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|Title:||Characterization and Alignment of the STED Doughnut Using Fluorescence Correlation Spectroscopy|
|Department:||Physics and Astronomy|
|Abstract:||<p>This report primarily focuses on effectively obtaining a Stimulated Emission Depletion fluorescence (STED) microscope, while using Fluorescence Correlation Spectroscopy (FCS) as a guide for the alignment of the system. STED is a super-resolution microscopy technique that has gained favour in the biological sciences due to its ability to successfully resolve sub-diffraction structures within live cells. Moreover the ease with which it can be combined with FCS has extended the applications of this technique to the study of the dynamics within a system as well. The central premise of this work focuses around building a STED-FCS system and developing an alignment tool for obtaining a symmetric STED doughnut. Since the point spread functions (PSF) seen in confocal microscopy can be generally approximated by a Gaussian function, we approximate the doughnut PSF with a difference of Gaussian functions. We calculated an autocorrelation function (ACF) corresponding to the simplified Gaussian form of the doughnut PSF and we found that this ACF contained three very similar diffusion times, all inversely proportional to the dye diffusion coefficient. In agreement with the fact that the doughnut PSF is spread out compared to the purely Gaussian PSF, the doughnut ACF amplitude is lower and its average diffusion time large. Lastly we calculated the quality factor, which is the product of the amplitude of the correlation function with the average intensity, Q=G(0)*I, for the purposes of alignment of the system. When translating the confocal pinhole along an axis of the doughnut we were able to identify the centre of the doughnut due to the presence of a minimum in Q which can be very handy for alignment of the doughnut with respect to the pinhole. This operation is essential when aligning the excitation and STED beam. For future work, a road map for alignment of the two beams in the focal plane is also presented utilizing the cross correlation function between the two beams.</p>|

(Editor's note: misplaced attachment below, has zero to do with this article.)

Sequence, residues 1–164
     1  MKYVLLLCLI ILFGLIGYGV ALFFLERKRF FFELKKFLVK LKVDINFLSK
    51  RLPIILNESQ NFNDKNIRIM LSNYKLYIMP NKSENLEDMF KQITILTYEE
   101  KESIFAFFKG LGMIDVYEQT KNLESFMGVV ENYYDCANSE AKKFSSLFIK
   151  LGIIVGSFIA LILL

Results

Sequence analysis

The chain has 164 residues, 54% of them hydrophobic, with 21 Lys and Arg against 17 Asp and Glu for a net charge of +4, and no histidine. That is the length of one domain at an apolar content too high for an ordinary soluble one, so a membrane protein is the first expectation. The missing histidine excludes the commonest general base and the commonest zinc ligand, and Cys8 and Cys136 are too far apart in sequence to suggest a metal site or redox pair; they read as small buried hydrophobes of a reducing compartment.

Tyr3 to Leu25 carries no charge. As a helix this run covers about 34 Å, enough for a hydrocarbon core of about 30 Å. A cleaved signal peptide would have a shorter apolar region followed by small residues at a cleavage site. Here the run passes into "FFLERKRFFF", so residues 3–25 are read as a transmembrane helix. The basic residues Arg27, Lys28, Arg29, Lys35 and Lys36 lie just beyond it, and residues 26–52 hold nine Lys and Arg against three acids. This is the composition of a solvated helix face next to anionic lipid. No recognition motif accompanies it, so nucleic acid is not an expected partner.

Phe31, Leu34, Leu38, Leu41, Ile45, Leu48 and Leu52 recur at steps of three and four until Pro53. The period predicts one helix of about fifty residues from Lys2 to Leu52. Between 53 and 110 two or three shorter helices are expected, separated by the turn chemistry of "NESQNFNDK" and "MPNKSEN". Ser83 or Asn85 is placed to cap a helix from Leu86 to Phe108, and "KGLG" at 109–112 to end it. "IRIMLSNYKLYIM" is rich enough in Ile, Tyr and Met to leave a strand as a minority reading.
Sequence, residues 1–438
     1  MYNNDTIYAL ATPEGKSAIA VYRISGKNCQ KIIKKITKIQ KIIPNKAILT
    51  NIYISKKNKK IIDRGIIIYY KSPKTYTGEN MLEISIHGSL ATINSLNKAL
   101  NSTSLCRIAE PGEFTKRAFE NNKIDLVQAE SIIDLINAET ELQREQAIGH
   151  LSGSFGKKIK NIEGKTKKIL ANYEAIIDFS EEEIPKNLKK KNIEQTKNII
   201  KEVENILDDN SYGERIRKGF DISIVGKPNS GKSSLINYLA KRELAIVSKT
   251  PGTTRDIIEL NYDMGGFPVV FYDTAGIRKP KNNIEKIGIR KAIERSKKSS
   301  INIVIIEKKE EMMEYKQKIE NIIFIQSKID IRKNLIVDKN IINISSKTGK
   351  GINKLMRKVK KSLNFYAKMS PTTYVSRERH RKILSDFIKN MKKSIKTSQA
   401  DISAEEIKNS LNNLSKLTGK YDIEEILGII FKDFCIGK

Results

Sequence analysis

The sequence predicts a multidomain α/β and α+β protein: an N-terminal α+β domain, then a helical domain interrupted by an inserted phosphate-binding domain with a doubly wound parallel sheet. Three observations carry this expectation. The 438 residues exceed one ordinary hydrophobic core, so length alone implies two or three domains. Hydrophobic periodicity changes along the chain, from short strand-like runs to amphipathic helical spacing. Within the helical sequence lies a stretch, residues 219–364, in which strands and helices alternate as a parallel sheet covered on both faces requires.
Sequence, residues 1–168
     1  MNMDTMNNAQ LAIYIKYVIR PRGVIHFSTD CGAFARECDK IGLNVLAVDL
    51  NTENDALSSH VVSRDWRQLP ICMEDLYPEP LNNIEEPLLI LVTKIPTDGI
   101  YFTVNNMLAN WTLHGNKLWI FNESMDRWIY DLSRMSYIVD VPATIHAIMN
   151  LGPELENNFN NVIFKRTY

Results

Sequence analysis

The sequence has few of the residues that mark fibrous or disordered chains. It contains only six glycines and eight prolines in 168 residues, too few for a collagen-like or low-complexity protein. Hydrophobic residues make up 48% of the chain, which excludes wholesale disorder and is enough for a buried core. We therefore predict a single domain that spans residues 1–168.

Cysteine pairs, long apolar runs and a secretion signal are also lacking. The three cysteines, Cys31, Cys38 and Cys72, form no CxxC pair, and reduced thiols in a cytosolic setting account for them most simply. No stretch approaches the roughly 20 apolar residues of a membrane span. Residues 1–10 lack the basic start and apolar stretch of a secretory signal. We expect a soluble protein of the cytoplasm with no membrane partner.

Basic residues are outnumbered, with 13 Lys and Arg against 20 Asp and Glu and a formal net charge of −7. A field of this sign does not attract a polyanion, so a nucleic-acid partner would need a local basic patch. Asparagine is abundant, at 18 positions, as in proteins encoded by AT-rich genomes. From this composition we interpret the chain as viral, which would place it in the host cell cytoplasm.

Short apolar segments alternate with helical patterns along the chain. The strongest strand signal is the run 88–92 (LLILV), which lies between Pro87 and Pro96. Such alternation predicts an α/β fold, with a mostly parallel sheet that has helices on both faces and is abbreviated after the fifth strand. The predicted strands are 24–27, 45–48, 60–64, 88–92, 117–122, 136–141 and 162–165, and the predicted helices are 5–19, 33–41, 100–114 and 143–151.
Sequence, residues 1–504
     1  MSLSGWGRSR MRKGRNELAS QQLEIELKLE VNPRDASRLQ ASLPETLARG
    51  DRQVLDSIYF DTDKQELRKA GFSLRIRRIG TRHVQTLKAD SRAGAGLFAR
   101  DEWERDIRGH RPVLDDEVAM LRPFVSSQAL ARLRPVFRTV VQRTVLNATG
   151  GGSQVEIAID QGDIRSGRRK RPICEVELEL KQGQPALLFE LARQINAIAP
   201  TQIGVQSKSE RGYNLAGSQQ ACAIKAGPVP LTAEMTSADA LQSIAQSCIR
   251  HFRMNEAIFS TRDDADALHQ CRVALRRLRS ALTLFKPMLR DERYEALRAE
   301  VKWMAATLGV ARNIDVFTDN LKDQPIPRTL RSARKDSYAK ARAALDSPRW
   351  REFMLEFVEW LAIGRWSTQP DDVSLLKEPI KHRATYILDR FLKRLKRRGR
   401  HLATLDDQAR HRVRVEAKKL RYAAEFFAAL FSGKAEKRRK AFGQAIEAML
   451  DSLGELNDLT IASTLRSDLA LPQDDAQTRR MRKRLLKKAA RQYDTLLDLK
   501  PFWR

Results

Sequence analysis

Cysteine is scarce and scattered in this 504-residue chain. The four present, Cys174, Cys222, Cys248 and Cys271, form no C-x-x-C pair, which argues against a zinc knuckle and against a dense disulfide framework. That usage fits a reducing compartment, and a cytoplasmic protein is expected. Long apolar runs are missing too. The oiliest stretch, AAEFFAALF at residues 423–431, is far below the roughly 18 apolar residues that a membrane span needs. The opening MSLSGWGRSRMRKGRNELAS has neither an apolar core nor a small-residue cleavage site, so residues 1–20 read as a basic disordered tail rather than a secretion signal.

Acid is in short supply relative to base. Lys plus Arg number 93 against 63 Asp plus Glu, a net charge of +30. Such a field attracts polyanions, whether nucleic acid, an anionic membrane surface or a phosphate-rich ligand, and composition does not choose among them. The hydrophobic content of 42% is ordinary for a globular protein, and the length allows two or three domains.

|Appears in Collections:||Open Access Dissertations and Theses|
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